Population of the gorillas living in the territory of Congo was reduced by 77% for only one generation that transferred these primacies to number of critically vulnerable types and was connected, most likely, with a civil war in the region.
“We knew that Grauer’s gorillas are in danger, but nobody realized how their population was strongly reduced. The results received by us are good cause to include this primacy, the largest representative of our group on Earth, in number of critically vulnerable types of the Red List” — Andrew Plumptre from Society of preserving wild animal (WCS) declared.
Plamptre and his colleagues came to such conclusion, having collected and having studied data on the sizes of an area of dwelling and number of Congolese gorillas (Gorilla beringei graueri), the first for the last 20 years, from the moment of the beginning of a civil war in the Democratic Republic of the Congo in 1996.
So-called east flat gorillas, or Grauer’s gorillas, live in the east of DRK, in the neighborhood of Lake Kivu, near border with Rwanda, in two national parks – Mayko and Kakhuzi-Biga, and also in the woods adjoining to them. These subspecies of gorillas are considered the largest representative of the type, and also the biggest primacies on Earth – growth of the largest males reaches 1,94 meters, and weight – about 250 kilograms.
In 1994 in Rwanda the civil war between the Hutu and the Tutsi which led to genocide and mass flight of residents of Rwanda to the east Congo, adjacent to national parks broke out. Thanks to it in 1996 in the territory of DRK the own civil war which led to the fact that the international community lost access to national parks whose personnel were dispersed or killed with various groups of fighters began.
The destiny of gorillas caused a special concern in ecologists as insurgents began to use the woods in the east of DRK for illegal and secret mining. They, used a predictable image local flora and fauna as livelihood sources, and scientists were afraid that gorillas as the largest beings in the Congolese woods who never are climbing up trees can suffer from it most strongly.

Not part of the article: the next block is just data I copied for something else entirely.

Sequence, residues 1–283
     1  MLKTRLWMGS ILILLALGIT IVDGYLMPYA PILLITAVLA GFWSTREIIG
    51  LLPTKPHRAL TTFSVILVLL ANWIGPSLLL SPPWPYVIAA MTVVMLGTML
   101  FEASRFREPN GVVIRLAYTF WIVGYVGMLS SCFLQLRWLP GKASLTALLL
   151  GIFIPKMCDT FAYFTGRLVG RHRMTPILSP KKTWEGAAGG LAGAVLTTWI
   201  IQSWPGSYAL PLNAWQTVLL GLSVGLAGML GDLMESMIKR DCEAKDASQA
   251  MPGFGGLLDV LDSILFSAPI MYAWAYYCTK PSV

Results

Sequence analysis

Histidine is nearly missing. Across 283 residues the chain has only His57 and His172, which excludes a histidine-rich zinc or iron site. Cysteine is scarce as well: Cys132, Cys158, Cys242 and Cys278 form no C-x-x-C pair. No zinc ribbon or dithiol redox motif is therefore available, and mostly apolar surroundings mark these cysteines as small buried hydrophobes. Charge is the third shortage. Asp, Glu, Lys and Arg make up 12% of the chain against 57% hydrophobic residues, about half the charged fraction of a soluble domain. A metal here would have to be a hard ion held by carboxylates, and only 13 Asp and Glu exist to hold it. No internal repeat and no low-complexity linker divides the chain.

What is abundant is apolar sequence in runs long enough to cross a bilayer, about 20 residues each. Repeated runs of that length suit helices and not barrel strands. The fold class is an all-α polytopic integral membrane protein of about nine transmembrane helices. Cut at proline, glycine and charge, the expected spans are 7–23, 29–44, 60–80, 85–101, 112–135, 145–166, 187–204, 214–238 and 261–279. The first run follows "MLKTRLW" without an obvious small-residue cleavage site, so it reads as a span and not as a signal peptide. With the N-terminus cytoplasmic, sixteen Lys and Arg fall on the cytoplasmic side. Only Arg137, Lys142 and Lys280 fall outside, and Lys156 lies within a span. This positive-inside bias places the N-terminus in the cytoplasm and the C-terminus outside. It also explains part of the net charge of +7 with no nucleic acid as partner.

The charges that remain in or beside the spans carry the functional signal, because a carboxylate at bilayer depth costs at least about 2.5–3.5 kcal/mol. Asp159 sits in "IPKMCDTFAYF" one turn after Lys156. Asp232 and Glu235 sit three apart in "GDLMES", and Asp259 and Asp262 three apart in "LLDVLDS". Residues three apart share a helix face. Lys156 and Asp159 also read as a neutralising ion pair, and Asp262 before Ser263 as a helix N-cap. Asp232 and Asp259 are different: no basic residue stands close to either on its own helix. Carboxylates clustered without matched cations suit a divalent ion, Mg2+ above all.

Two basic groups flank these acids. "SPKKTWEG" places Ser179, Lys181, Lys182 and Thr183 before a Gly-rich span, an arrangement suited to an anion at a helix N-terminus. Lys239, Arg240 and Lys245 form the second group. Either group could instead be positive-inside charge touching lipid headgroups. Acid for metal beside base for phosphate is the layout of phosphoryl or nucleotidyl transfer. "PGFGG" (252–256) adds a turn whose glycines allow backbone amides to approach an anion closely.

It turned out how Plamptre notes that his colleagues underestimated disaster scales. In 1994-95, by the last estimates of ecologists of that time, in the territory of Congo there lived about 17 thousand gorillas of Grauer. In 2011-2015 when authors of article conducted own “census” of the population among these primacies, their number fell to 3,8 thousand individuals, and density of their population in some corners of the woods decreased more than by 8 times.
Similar sharp reducing, according to researchers, says that Grauer’s gorillas are under the threat of extinction now if no measures for their protection against the person are taken. Scientists urge International union of conservation to transfer Gorilla beringei graueri from among the types which are in danger to number of types to which extinction threatens.
According to Plamptre, the current measures for preservation of gorillas, despite improvement to a political situation in Congo, it is obviously not enough to introduce more rigid restrictions on mining for their rescue and therefore ecologists call the international community and the authorities of DRK and more actively to fight against illegal mining. If measures aren’t taken, then Grauer’s gorilla can disappear from the majority of points of her current area of dwelling in the next 5 years.